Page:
Despite the fact that the Chicago Bears already have a legit quarterback competition going on between Nick Foles and Mitchell Trubisky, some analysts still, for some reason or another, think the Bears should add another potential starter to the mix. Really.
This past February, before the Bears signed Foles to a $24 million contract with $17 million fully guaranteed, analyst Benjamin Allbright tweeted that if Jon Gruden and the Las Vegas Raiders were ready to move on from quarterback Derek Carr, Chicago would be interested.
Bears are quietly looking at QB options.
Trubisky will still get the shot to be the guy, but much like Titans/Mariota last year, the leash is short.
They'd prefer vet ready-to-play, options. If Raiders were to move on from Carr ($21.5m cap hit vs $7.9 dead) theyd be interested.
— Benjamin Allbright (@AllbrightNFL) February 20, 2020
Carr is still the starting quarterback for Las Vegas, but that has not deterred some from refueling the rumors that he should be reunited with his old friend Khalil Mack in Chicago. The latest analyst to throw a Carr-to-the-Bears scenario out is Bleacher Report’s Brent Sobleski, who proposed not one but two huge trades he thinks the Bears should make with the Raiders now, before the season begins.
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Trade Proposal #1: Bears Send 2021 First-Round Pick to Vegas for QB Derek Carr
Sobleski thinks Carr would be a perfect choice for Chicago if general manager Ryan Pace is serious about winning now. He acknowledges the simple fact that the Bears don’t currently have enough cap space to be able to pay Carr with Foles also on the payroll, but that doesn’t deter him from suggesting they should do it anyway:
“Of all the proposed trades, the Chicago Bears making a run at Las Vegas Raiders quarterback Derek Carr may be the most improbable, but Bears general manager Ryan Pace has to try or risk wasting another season because the team isn’t settled at the game’s most important position. The Bears really aren’t in a position to get rid of either Mitchell Trubisky or Nick Foles from a financial perspective. The team doesn’t have quite enough salary-cap space at the moment to afford Carr, either. But this is the perfect scenario that applies when someone says it’s time to “shoot their shot.” The Raiders have never fully committed to Carr, no matter what is said publicly. They’ve flirted with other quarterback options and have openly praised current backup Marcus Mariota. The Bears should lean into the other organization’s dalliances and see if something can get done.”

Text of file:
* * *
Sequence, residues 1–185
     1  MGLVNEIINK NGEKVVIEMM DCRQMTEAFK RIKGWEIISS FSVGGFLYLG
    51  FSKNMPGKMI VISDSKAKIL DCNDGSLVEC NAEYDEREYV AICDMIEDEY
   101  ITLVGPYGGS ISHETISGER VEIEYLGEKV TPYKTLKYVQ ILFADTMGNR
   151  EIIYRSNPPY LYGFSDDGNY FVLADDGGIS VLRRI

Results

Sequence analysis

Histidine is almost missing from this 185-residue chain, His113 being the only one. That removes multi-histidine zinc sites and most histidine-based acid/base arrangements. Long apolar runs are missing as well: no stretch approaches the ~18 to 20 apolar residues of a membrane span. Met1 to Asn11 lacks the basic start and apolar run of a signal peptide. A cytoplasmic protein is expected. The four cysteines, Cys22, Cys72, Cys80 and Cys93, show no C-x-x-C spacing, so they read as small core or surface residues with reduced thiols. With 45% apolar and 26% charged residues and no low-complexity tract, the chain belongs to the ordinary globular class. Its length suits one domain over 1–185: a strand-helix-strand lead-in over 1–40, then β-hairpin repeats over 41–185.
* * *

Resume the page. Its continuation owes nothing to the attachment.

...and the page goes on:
Let’s be clear: Chicago traded a fourth-round draft pick for Foles, and he’s not going anywhere. They’re also not going to give up their first-round pick in 2021 — where they could draft their quarterback of the future — for a player like Carr, especially when a) they can’t afford to take his $21.5 million cap hit, and b) in the day and age of COVID, this team and this coaching staff want a quarterback who is familiar with Matt Nagy’s offensive system. They don’t want to bring in someone who has to learn an entirely new offense in a matter of weeks — that would be asinine. Trade proposals like this one may be fun for some fans to think about, but the reality of the Bears’ salary cap situation make it highly unlikely Carr will ever be reunited with Mack in Chicago.
Trade Proposal #2: Bears Send 2021 Sixth-Round Pick to Vegas for RG Gabe Jackson
The second trade Sobleski proposed is far more feasible, and is something Chicago should actually consider doing. The Bears need offensive line depth, and Sobleski thinks they should send a sixth-round pick to Las Vegas in exchange for right guard Gabe Jackson.
“Jackson, who has started 83 games during his six seasons, holds a $9.6 million salary-cap hit this fall. Technically, the Raiders could cut the veteran blocker without incurring any dead money, but a team always prefers to gain something in return. The Chicago Bears aren’t in an ideal position along their offensive interior after Kyle Long’s retirement. The front office responded by signing Germain Ifedi to a one-year, $1 million deal, but he has been a disappointment since he was selected by the Seattle Seahawks in the first round of the 2016 draft. Maybe his career will blossom in Chicago. But to be safe, the franchise could look to add a quality guard in Jackson”
Jackson, who turned 29 in July, started 83 games in his six NFL seasons with the Raiders, and while he’s not an All-Pro type of talent, he would give the Bears a much-needed body on the offensive line should one of their starting guards fall during the regular season. He has played both right and left guard and he doesn’t have any major red flags injury-wise Chicago should be concerned about.
So while Sobleski’s first suggestion was, as he said himself, highly improbable, his second trade proposition is definitely something the Chicago Bears should consider.